• bombardierbombardier mr. mully Vancouver, BCModerator mod
    That level of bright looks like what you'd get from a spotlight on a stage, not a 40W overhead bulb. Whether or not the effect is 'accurate' doesn't make it more aesthetically pleasing. Photos with overblown brights or darks don't look good, so the same would go for illustrations or paintings. A camera sees all the light from a whole scene at once, but as your eye travels around a painting or an actual scene it will adjust to the level of light of whatever you're looking at, so the foreground characters would still be visible while you look at them, but the main subjects wouldn't be so overblown while looking there.

    tynicProspicience
  • IrukaIruka Registered User, Moderator mod
    edited April 2015
    the whole painting is an improvement on the original drawing, so thats pretty cool.

    The guy looking at us is a huge distraction though. All the narrative is going on at the table. When you block out his face, you look at the lizard and then refocus on the the narrative because your natural inclination is to check out what hes looking at. With the horn dude looking at you, your instinct is to engage him, which is why its great for portraits.

    If its confusing what I mean, just look back between these two:
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    Cover one, see where your focus is, cover the other, try to focus somewhere.

    I think you can fix this just by repainting his face looking at the action, though. We just have so radically different styles I think it would look weird if I attempted it.

    Edit: I actually don't mind the lighting so much, compositionally I understand why you chose it, If you want to accomplish a high contrast, you would probably benefit from a studying a little Rubens, or someone with similar darks. You are getting deep into painting so you'll need to make choices that aren't just based on what your camera tells you about reality. Taking reference is great, but so is having a mirror up by you while you paint.

    If this were a more stylized piece you may get away with the light as you have it now, but it seems a little more based in reality than that.

    Iruka on
    tynic
  • LampLamp Registered User regular
    edited April 2015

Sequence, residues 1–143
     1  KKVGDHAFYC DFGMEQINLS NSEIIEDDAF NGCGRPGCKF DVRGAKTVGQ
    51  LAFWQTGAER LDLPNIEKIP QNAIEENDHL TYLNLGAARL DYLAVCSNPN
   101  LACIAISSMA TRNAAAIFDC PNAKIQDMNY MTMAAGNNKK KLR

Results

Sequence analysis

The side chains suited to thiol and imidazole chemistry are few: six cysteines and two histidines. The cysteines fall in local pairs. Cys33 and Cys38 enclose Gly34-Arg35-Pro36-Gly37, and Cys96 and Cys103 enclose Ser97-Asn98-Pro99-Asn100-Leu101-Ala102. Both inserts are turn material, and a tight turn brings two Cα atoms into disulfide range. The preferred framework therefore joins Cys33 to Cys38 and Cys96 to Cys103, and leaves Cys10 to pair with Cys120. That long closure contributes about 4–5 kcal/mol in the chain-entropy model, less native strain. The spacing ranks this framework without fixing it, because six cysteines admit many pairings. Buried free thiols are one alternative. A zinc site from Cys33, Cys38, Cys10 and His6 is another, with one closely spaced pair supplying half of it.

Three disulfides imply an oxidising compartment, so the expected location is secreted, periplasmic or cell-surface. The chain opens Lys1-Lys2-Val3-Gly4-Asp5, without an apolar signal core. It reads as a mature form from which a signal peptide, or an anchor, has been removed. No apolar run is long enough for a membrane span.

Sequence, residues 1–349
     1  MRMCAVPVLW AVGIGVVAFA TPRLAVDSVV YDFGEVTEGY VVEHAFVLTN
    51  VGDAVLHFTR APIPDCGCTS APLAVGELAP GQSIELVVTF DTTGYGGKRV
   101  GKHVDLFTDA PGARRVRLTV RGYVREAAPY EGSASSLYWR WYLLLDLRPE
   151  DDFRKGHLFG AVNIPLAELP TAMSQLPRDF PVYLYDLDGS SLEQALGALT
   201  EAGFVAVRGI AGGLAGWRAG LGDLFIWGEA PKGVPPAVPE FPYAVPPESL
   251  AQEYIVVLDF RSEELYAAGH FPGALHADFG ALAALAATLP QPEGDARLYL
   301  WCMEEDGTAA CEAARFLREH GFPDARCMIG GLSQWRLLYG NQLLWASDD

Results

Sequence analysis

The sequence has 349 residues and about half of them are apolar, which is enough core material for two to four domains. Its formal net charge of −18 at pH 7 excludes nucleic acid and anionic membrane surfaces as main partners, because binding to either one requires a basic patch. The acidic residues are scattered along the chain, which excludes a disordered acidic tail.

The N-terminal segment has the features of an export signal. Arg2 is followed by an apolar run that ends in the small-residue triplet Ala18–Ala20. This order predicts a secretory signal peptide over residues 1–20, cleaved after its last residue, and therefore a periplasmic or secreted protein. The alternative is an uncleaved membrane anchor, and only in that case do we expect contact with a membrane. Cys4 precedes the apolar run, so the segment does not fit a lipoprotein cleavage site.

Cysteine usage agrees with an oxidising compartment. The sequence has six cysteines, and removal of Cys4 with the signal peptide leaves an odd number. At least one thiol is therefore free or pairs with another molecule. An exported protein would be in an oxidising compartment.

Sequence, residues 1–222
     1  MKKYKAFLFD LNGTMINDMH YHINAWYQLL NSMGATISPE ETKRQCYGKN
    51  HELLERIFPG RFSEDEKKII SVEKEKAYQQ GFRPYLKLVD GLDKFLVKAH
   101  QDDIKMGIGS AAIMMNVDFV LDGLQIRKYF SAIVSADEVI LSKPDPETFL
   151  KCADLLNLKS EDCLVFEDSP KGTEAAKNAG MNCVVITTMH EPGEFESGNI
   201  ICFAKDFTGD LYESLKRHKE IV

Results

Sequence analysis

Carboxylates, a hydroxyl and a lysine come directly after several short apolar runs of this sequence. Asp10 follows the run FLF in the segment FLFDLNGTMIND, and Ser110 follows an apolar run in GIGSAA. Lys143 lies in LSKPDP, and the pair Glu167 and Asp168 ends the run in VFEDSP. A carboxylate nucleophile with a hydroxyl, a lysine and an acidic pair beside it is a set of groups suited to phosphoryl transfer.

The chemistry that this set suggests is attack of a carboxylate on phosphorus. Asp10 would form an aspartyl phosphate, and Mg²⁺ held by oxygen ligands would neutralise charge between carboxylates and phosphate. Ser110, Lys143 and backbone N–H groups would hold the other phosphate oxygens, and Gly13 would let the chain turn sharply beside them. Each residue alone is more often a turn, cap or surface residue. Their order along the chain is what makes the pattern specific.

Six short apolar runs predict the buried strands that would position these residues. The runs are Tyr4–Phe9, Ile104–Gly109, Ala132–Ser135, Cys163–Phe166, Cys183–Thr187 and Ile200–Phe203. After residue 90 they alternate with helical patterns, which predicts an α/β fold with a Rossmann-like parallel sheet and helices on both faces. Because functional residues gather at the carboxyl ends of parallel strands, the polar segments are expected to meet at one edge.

That's a really good point, Iruka. You're totally right. I might come back to tackle the face of the horned guy again.

    I tried to repaint the troll character and change up the lighting situation a bit this afternoon. I don't know if it's on the right track or not, though.

    rbt4ofo1ifja.jpg

    Thank you guys so much for the feedback!

    Lamp on
  • MabelmaMabelma Registered User regular
    This image is looking freaking amazing! The troll is starting to look wonderful too and I think the dwarf is perfect as it is in terms of refining the actual paint, as for the horned guy, I agree with Iruka, but instead of taking it off maybe you can have one of the characters look at the viewer rather than lose that whole idea completely.

    Have some time, check out my blog
  • LampLamp Registered User regular
    edited April 2015
    So I had to take a break from that tavern scene, I'll revisit it in a week or so with fresh eyes. In the mean time, I started working on a new image, and have produced a rough color comp. I also posted in in the doodle thread, but I figure it can't hurt to put it here as well, in case anyone has any feedback before I dive in to really work on this.

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    Lamp on
  • SeveredHeadSeveredHead Registered User regular
    i really like how you do such ambitious stuff, you got some balls on you man, maybe do some stuff with only greyscale to get the lighting/comp right? and then worry about color later

  • EncEnc A Fool with Compassion The Land of Flowers (and Dragons)Registered User regular
    edited April 2015
    Maybe do a sketchover moving the face to the next pillar gap over with the ogre looking straight on (for him) to increase the tension.

    Sort of akin to the old "hobbits hide under tree roots" Howe painting (or the movie scene if you are more familiar). The face the threat is not facing the heroes increases the fear it will turn and see them, pulling the audience in.